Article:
Camille Boucher
Master student
Department of Phytology
Laval University

Supervised by:

Line Rochefort (Regular member)

Research project description

Sphagnum reintroduction in peatland restoration : Does bryophyte diversity follow?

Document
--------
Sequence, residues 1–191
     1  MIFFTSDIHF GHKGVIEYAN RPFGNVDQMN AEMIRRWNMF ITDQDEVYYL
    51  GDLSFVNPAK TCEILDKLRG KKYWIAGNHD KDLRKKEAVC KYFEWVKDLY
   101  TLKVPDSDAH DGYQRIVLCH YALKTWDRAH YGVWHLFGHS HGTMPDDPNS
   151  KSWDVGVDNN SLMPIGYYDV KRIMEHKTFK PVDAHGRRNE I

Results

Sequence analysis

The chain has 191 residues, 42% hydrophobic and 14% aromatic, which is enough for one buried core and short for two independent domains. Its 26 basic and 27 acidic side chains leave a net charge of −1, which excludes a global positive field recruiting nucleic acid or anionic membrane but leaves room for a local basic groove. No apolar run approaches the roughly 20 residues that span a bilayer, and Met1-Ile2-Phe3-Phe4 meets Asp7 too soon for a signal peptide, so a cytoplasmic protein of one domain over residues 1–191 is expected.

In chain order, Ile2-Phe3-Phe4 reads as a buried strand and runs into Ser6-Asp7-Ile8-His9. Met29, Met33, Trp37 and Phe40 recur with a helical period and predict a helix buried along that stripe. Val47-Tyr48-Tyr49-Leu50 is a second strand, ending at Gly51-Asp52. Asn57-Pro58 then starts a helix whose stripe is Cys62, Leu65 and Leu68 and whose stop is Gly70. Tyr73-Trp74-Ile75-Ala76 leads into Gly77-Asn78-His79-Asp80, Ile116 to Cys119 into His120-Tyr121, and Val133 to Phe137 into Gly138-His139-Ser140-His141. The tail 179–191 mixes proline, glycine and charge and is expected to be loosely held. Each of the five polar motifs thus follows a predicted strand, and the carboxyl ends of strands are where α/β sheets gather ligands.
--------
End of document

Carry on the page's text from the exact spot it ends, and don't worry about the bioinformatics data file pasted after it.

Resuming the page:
Introduction: Ecological restoration is an important tool in conservation (Wiens & Hobbs 2015). Usually beneficial for ecosystem services provisioning, increasing biodiversity is often one of the goals of restoration projects, with vegetal reintroduction being a commonly used strategy (Perring et al. 2015). In Canada, Sphagnum peatland restoration following peat extraction has been going on for more than 20 years, thanks to the “moss layer transfer technique” (MLTT), developed by researchers in collaboration with the Canadian peat industry (CSPMA 2021). In a recently published paper by Hugron et al. (2020), the species pool for vascular plants has been compared between donor sites – peatlands where the plant material was collected – and restored sites. Five vascular plant species were identified as “recalcitrant”, failing to recolonize restored peatlands… but what about bryophyte species (mosses and liverworts)?Objectives: This project aims to: determine the effectiveness of the “moss layer transfer technique” to restore moss and liverwort diversity – through the comparison of donor and restored sites; identify bryophyte species recalcitrant to the MLTT, if there are any; to suggest improvements to the technique that would favour the reestablishment of these species. In addition, another goal of the project is to examine how the reformation of microtopographic structures typical of Sphagnum peatlands – hummocks-and-hollows gradient – influences bryophyte diversity in restored peatlands. Study sites: Two types of study sites are included in this project: Sphagnum peatlands in which there was peat extraction, followed by restoration through the “moss layer transfer technique”, and natural donor peatlands where the plant material used for restoration was collected. Restored peatlands can often be divided in sectors, with different periods elapsed since restoration – from 5 to 22 years. Study sites: are located in Quebec (Lac-Saint-Jean, Bas-Saint-Laurent, Côte-Nord) and in New Brunswick (Acadian peninsula). Material and methods: Moss and liverwort species of donor and restored sites are inventoried in circular 0.70-meter diameter plots, placed along transects diagonal to old drainage ditches, in a “W” pattern that allows for coverage of both old ditch slopes, wetter, and of drier parts of restored sectors. Percent covers are estimated for all bryophyte species present in 11 equidistant plots for each sector. In restored peatlands, the development level of typical microstructures – hummocks and hollows – is also quantified along one of the transects, following the method used by Pouliot & coll. (2012). A high precision altimeter will allow for the estimation of the mean height of hummocks and of hollows against a local reference point. References: CSPMA, 2021. Production responsable de la tourbe – La recherche. Canadian Sphagnum Peat Moss Association [En ligne] (Consulté le 25 août 2021). Hugron, S., Guêné-Nanchen, M., Roux, N., LeBlanc, M-C., Rochefort, L. 2020. Plant reintroduction in restored peatlands: 80% successfully transferred – Does the remaining 20% matter? Global Ecology and Conservation, 22 e01000. Perring, M.P., Standish, R.J., Price, J.N., Craig, M.D., Erickson, T.E., Ruthrof, K.X., et al., 2015. Advances in restoration ecology: rising to the challenges of the coming decades. Ecosphere 6, 1-25. Pouliot, R., Rochefort, L., Karofeld, E. 2012. Initiation of microtopography in re-vegetated cutover peatlands: evolution of plant species composition. Applied Vegetation Science. Vol 15, pages 369-382. Wiens, J.A., Hobbs, R. J. 2015. Integrating conservation and restoration in a changing world. BioScience. Vol 65, pages 302-312.

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